If you’re looking to start podcasting to a live audience my first question is WHY? Yes you get immediate feedback, but in most cases it adds complexity that isn’t worth the ego boost of having that one live listener. You also need to have a set schedule so people know when to come listen to you podcast. For me that’s almost impossible. I know I create most of my podcasts on Saturday, but picking a time is like trying to catch a fart in a jar (its harder than it sounds).

Spreaker www.spreaker.com

Image representing Spreaker as depicted in Cru...

I am aware of Spreaker, and they seem to be adding more and more features. You can now create a podcast with your smartphone, and they have an embed code that not only lists your last episodes, but will switch to your live stream when you go live (I found this to be cool). The nice thing about spreaker is they provide the mixer. You just need a microphone, and you can upload any music you’re going to use ahead of time. You have two lists of music that you can play, your microphone, and sound effects (you have no control over the volume of the sound effects). If you are using their free service your show can only be 30 minutes long. Spreaker is completely web based (so you will need a good connection). Spreaker also has built in stats and a comment section.

Mixlr www.mixlr.com

Image representing Mixlr as depicted in CrunchBase

Where the recording software you use on Spreaker is on their website, for Mixlr you download and install it locally (both Mac and PC). It is simply broadcasting whatever you choose as your input device. If you were to choose a mic input you would need to have a mixer plugged into with your music and such going into a mixer with your voice. If you are on a Windows machine, choosing what use to be called the ‘Wav out mix” is still an option (you have to dig for it), but when I try this, its usually a train wreck. Microsoft really screwed up their audio in my opinion. Consequently, when I use mixlr, I load my intro and outro on my iPod and run it into my mixer and send the mixer into my computer’s input. Once I start broadcasting I can go as long as I want. No time limits. I’m streaming at 96 kbps (where spreaker is 128). If I upgrade to their premium service I can stream at a higher bit rate, and download my recordings.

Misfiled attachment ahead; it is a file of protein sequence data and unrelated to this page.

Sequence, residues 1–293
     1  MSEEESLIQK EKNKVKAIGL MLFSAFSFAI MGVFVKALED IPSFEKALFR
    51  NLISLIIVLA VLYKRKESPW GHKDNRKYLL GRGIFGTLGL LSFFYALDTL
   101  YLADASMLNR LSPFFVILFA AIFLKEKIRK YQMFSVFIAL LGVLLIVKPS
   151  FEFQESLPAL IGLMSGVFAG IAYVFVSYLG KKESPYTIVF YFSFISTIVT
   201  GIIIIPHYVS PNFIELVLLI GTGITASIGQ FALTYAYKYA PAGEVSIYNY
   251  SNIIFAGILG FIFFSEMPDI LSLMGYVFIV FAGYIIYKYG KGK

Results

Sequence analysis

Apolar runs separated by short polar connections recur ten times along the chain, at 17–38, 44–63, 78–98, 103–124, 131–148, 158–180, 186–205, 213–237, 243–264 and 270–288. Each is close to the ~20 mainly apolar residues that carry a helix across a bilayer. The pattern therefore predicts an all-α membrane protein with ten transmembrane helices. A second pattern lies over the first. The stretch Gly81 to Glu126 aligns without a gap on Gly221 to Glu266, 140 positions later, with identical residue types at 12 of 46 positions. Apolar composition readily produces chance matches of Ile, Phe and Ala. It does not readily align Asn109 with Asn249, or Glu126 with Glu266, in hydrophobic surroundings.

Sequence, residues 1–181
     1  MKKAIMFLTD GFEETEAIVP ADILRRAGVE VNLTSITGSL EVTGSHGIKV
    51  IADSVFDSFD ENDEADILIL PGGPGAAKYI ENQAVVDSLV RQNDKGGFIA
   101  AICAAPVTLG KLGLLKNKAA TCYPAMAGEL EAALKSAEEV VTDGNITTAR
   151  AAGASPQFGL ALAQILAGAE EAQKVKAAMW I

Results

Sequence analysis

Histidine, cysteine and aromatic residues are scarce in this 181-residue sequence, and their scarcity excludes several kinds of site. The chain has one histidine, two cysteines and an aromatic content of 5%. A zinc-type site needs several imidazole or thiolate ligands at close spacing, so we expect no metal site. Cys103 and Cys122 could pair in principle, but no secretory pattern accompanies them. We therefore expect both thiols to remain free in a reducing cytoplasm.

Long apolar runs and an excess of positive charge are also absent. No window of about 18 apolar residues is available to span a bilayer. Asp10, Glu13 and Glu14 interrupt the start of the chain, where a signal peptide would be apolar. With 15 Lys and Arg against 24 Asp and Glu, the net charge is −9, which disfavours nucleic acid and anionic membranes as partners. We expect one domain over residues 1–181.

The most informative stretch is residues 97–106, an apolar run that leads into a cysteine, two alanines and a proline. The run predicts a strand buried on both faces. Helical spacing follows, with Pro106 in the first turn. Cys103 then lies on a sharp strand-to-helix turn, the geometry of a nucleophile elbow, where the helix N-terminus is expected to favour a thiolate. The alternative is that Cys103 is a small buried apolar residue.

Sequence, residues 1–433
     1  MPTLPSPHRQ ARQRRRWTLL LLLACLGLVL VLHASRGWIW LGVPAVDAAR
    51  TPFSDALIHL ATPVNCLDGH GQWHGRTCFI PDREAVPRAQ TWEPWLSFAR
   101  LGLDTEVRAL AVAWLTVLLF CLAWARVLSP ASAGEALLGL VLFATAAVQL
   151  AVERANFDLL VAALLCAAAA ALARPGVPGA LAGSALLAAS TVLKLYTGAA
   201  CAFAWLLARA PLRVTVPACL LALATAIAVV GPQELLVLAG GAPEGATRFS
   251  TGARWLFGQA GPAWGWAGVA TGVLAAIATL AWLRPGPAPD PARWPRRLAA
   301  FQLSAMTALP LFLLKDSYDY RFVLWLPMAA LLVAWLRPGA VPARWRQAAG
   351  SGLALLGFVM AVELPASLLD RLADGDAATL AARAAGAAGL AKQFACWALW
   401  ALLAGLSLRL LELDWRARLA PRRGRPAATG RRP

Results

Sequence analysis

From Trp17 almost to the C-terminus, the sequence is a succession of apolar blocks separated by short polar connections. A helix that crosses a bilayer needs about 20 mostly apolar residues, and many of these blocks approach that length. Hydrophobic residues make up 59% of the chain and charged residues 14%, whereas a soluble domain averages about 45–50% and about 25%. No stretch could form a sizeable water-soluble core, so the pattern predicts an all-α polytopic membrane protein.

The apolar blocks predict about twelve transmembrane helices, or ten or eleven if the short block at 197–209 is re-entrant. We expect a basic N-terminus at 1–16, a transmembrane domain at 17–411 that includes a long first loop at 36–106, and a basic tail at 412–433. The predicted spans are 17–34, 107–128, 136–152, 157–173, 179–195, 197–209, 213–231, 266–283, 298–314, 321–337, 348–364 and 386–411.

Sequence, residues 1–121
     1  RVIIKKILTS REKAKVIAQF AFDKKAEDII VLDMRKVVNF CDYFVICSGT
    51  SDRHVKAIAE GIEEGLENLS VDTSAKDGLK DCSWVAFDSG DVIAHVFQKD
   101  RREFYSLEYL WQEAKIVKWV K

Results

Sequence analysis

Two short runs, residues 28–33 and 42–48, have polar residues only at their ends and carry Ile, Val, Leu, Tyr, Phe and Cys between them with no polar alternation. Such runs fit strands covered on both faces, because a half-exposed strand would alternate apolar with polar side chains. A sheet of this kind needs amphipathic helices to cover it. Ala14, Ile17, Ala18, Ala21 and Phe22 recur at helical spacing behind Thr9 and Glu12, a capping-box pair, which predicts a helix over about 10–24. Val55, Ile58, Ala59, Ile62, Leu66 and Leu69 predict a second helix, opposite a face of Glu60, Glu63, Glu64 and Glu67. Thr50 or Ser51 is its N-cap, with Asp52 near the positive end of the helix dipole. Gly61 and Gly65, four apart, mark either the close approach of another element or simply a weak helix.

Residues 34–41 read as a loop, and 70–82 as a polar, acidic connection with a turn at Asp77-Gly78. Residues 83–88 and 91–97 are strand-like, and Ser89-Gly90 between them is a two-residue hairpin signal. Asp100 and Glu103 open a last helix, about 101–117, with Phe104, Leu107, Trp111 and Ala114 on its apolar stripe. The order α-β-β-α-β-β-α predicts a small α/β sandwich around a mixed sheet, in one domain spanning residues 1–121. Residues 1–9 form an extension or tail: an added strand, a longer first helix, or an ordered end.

Mixlr also has a widget that you can put on your site that engages when you go live. If you’re not on, it just sits there (although people can go to your page on their site and hear past episodes).

Summary

Let me state again. I use neither of these as I believe one of the greatest benefits of podcasting is TIME SHIFTED material. You don’t have to be there with me live to get my content. However if you are mesmerized by being an “Internet DJ” here are my final thoughts.

For me I like the features that Spreaker provides. I love that if I needed to I could podcast live from my phone. I like the stats, and their mixing console makes things easy to produce a podcast. I wish they had a way to save our layout once you get all the music setup. If your show never goes over 30 minutes, this is a great option. If you need more time you can purchase different options (45 minutes costs $4 a month).

If you need to hold longer sessions, mixlr is the better option I would go for. In the past mixlr had a better widget that played your live broadcast. When spreaker added this feature, it pretty much put them ahead of mixlr.com

I believe both can be configured to work with SAM Broadcaster software (a powerful mixing software live streaming).

In regards to blog talk radio, I hate their service and their audio quality and would only use them if a gun was put to my head. If you can keep a schedule, you should be bale to build up an audience.